(2) We should never view another person as a target or as an opportunity to practice our evangelistic technique. If you are a redeemed person, you should regard others with great respect as people created in God’s image.
(3) Don’t force yourself on people—that’s called assault, violence, or just plain rudeness. The gospel calls us to put ourselves in positions of weakness and vulnerability with others. It seems to me that forcing and manipulating conversations violates God’s purposes in redemption. And don’t say that the gospel is offensive! The gospel of a meek Messiah who gives himself for the life of his enemies was indeed offensive to those who wanted a violent Messiah who destroys his enemies. Don’t be rude and offensive and blame the gospel.
(4) Get to know other people. God created humans to know others and to be searched out and known by others. Get to know another person’s life story over time. Ask good follow-up questions. Develop an on-going relationship that involves some deep conversations and some frivolous ones. People have had infinitely varying experiences and come from all over the place. Some people are broken by life. Others are lost in their lives and just want someone to listen to them. Gospel people give others the gift of listening to, honoring, and appreciating their life stories.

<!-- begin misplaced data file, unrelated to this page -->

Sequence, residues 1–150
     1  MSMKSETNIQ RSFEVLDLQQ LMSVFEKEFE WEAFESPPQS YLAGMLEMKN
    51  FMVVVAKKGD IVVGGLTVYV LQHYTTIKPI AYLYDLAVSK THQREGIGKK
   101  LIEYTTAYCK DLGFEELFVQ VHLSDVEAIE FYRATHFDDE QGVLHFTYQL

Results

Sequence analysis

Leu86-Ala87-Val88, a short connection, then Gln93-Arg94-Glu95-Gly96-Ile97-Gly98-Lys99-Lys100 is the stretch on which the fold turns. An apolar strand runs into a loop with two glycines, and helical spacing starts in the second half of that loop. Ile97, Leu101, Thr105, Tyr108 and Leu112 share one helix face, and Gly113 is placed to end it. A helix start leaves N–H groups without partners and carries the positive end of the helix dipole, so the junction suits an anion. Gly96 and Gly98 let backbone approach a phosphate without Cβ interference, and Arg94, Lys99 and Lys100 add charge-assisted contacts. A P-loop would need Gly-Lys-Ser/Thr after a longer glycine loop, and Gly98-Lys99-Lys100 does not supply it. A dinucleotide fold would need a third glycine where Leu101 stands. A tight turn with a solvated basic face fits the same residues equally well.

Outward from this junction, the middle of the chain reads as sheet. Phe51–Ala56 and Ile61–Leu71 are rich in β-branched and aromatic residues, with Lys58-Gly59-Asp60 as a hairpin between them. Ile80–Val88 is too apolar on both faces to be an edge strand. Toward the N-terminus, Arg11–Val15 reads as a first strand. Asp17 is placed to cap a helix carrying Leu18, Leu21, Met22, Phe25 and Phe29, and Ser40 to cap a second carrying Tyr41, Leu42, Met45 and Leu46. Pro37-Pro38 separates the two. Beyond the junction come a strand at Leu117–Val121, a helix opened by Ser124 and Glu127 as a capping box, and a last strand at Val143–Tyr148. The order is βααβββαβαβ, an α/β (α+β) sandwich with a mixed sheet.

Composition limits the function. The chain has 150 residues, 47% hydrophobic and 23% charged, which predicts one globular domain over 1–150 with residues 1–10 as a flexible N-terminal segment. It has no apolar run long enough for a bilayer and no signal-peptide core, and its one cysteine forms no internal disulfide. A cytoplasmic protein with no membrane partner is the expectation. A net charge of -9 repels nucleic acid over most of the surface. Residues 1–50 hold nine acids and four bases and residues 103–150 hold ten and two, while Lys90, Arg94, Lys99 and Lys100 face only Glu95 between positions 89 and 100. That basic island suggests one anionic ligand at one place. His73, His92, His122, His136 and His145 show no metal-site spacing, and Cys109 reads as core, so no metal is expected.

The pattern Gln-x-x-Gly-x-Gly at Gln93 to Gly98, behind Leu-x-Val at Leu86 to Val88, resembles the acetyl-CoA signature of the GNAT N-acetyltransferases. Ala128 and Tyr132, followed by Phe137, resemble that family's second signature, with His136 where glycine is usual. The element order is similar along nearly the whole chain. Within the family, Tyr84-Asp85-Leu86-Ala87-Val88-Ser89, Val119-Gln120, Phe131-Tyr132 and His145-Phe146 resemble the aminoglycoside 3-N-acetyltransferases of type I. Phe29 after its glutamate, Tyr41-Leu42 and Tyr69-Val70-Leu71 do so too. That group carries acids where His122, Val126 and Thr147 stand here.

(5) Enter open-ended friendships with others in which you receive others as gifts and come to delight in them. The gospel frees us and calls us to radiate the life and freedom of God in Christ to others. Let friendships go where they will and enjoy them. The power of God works through relationships like that, not manipulative ones in which our use of strength marginalizes God’s power.